Why You Have to Relax Sometimes

Photo Source: Nick Bertozzi

I’m meant to write my article over the weekend so I can polish and edit it on Monday before I hand it in to my editor on Tuesday. I keep a running list of ideas in my Evernote app on my iPad. Whenever I come across a situation that I want to talk to you guys about, I jot down a note. Inspiration comes in many different forms. For me, if I don’t write it down in the moment I’ll forget it. It can be a great idea last night, and in the morning I won’t even remember that I had a fully formed idea only a few hours earlier.

If Monday rolls around and I still haven’t gotten a good idea, I’ll start going over my archives and see if something pops out that I missed. Then I go to Twitter to see what my actor friends are talking about. This usually brings a good topic to mind that I can flesh out.

If Tuesday rolls around and I still haven’t been inspired by anything, I know I’m in trouble. One topic that stood out was inspiration, or lack thereof.

I always become reflective around this time of year. I take into account the wins and losses, the ups and downs of the year before. For me, 2015 couldn’t be over fast enough. Health issues with my friends and family, jobs that didn’t pan out, and a general feeling of struggle were pervasive. I realized it’s hard to feel inspired when I’m dealing with life’s day-to-day battles.

As an artist, I know you know exactly what I’m talking about. How do you feel artistic and produce results when you just aren’t “feeling it”? How do you feel inspired when you’re simply not feeling creative?

Sometimes I have to step outside of the loop I’ve created in my head and slow down. Get out and walk the dogs, listen to great music, eat great food, be with friends and loved ones, and connect with nature.

As a news and social media junkie, I realize I am continuously overloading my brain with information and images that can be overwhelming. Recently, my whole neighborhood was hit by a power outage. No phones, computers, hot water, heating, or electricity in my house. I was forced to unplug due to the power outage. Forced to reflect and take stock in an authentic way.

With no distractions (except trying to staying warm!) I started to see things clearer, feel things deeper—even the taste of food was stronger. I realized that I’m only human, and as a human being I can’t be firing on all cylinders all the time. I’ve got to go easy on myself and find ways to rejuvenate in order to let the creativity flow and the inspiration come.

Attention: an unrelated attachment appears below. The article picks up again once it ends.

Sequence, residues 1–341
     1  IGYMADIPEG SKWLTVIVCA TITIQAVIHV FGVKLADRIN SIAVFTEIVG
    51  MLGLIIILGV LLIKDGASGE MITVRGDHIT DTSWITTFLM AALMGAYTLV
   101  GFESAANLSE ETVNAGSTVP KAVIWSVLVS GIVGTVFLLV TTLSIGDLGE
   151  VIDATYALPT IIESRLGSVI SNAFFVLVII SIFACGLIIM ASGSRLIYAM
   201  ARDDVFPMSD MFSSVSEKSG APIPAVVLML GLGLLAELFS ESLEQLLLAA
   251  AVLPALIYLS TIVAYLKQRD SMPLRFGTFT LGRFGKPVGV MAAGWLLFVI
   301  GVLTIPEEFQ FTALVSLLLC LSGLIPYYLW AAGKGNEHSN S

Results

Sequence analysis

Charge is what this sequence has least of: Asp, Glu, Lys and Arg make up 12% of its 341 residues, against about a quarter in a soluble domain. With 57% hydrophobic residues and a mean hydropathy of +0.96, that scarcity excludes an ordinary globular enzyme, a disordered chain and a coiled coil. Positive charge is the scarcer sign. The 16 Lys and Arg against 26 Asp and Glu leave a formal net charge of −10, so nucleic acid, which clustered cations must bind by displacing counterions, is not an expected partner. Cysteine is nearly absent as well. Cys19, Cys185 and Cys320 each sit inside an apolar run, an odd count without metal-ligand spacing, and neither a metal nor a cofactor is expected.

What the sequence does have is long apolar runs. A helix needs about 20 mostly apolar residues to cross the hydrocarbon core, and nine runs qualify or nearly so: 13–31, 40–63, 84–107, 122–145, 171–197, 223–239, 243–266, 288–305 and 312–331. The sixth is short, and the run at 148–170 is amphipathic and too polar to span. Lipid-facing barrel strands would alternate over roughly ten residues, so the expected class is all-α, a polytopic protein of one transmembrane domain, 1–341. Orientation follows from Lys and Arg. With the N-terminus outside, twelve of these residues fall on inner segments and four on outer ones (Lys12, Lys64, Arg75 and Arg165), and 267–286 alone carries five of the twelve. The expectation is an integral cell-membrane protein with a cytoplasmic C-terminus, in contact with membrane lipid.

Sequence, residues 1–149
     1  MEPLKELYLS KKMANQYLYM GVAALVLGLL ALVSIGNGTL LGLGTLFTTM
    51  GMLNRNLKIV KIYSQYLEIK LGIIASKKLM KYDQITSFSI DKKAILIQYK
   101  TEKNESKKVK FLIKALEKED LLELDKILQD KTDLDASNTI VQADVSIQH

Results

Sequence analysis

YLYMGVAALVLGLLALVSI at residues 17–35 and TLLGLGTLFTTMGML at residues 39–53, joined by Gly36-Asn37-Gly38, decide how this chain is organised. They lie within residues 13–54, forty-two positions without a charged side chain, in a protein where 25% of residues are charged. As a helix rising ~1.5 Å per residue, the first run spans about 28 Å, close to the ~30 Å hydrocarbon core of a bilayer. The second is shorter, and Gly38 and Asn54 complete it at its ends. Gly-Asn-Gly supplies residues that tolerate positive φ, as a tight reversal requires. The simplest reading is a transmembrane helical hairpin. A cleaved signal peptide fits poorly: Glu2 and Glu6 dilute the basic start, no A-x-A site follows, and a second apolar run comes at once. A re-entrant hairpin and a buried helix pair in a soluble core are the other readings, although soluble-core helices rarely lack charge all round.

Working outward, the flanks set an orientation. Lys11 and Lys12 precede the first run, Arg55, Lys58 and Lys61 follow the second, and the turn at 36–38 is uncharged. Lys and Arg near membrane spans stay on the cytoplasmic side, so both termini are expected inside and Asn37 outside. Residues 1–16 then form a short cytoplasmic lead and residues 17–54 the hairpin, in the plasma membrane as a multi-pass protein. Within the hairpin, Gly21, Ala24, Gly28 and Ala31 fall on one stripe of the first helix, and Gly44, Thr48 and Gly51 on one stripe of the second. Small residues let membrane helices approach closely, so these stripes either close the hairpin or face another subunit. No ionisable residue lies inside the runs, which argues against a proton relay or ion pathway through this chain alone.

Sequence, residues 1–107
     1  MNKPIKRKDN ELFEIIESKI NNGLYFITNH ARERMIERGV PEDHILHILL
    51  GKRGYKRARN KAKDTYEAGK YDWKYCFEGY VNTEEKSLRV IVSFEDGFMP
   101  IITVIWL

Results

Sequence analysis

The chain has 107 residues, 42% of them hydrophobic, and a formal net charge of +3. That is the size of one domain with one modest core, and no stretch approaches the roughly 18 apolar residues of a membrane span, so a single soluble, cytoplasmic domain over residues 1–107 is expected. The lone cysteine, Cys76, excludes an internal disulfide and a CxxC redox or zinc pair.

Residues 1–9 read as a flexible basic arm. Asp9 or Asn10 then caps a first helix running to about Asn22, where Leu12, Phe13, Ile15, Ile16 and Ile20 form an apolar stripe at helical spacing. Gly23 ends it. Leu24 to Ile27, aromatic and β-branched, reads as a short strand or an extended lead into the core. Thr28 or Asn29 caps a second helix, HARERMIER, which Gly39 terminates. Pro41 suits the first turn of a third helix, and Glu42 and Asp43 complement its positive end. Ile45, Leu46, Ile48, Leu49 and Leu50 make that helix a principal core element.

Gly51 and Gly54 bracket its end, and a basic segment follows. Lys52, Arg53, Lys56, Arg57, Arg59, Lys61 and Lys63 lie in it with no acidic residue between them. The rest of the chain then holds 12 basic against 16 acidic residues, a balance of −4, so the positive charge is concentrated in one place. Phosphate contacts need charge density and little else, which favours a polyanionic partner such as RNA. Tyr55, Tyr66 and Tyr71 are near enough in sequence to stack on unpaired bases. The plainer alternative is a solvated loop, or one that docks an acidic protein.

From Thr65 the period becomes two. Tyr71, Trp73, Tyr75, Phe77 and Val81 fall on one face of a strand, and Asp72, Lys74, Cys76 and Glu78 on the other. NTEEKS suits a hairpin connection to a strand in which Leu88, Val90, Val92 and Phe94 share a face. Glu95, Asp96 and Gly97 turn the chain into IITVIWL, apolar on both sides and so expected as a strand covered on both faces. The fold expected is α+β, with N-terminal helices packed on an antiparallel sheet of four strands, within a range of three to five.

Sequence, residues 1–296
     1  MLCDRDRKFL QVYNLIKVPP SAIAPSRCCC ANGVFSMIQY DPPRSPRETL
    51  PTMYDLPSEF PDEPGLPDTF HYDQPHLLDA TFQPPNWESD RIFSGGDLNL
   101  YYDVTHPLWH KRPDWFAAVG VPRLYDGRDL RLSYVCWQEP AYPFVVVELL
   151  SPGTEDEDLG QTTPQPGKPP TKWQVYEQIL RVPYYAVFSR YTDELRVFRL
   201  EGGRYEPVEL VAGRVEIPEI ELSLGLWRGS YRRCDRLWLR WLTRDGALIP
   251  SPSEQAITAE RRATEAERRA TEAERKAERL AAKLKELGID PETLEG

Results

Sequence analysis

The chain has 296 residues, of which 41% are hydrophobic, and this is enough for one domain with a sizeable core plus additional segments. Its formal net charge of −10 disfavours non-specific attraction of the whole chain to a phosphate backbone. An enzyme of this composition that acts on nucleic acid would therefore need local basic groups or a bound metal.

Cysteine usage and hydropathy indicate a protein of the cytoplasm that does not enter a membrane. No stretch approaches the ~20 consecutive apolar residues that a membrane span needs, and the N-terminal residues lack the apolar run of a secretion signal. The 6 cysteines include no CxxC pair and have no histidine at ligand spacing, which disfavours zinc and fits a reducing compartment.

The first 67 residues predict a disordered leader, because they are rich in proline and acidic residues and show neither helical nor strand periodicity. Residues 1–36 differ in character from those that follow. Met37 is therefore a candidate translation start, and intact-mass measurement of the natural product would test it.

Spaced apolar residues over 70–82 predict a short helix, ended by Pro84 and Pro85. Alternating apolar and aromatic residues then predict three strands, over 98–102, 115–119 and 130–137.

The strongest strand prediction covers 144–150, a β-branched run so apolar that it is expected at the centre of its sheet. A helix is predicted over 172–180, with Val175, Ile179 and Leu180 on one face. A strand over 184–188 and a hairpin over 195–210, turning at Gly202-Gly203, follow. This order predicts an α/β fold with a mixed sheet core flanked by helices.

I came back from my walk with a fresh list of ideas for my upcoming columns. I have so much great advice for the creative people I work with that if I can only step aside and listen to my own advice, I’ll have an easier time of it!

I hope you’ll have an inspired 2016.

Like this advice? Check out more of Marci Liroff's articles!

Known for her work in film and television, producer and casting director Marci Liroff has worked with some of the most successful directors in the world such as Steven Spielberg, Ridley Scott, Mark Waters, Christopher Nolan, Brad Bird, and Herbert Ross. While working at Fenton-Feinberg Casting, she, along with Mike Fenton, cast such films as “A Christmas Story," “Poltergeist," “E.T. – The Extra Terrestrial," “Indiana Jones and the Temple of Doom," and “Blade Runner." After establishing her own casting company in 1983, Liroff cast “Footloose," “St. Elmo's Fire," “Pretty in Pink," “The Iron Giant," “The Spitfire Grill," “Untamed Heart," “Freaky Friday," “Mean Girls," “Ghosts of Girlfriends Past," “Mr. Popper’s Penguins,” “Vampire Academy,and the upcoming “The Sublime and Beautiful,” which she produced as well.

Liroff is also an acting coach, and her three-night Audition Bootcamp has empowered actors to view the audition process in a new light. The class spawned an online course available at Udemy entitled "How To Audition For Film and Television: Audition Bootcamp".

Visit Liroff online at marciliroff.com, follow her on Twitter @marciliroff and Facebook, and watch her advice videos on YouTube. You can also read her blog.

Marci Liroff
Known for her work in film and television, producer and casting director Marci Liroff has worked with some of the most successful directors in the world. Liroff is also an acting coach, and her three-night Audition Bootcamp has empowered actors to view the audition process in a new light.
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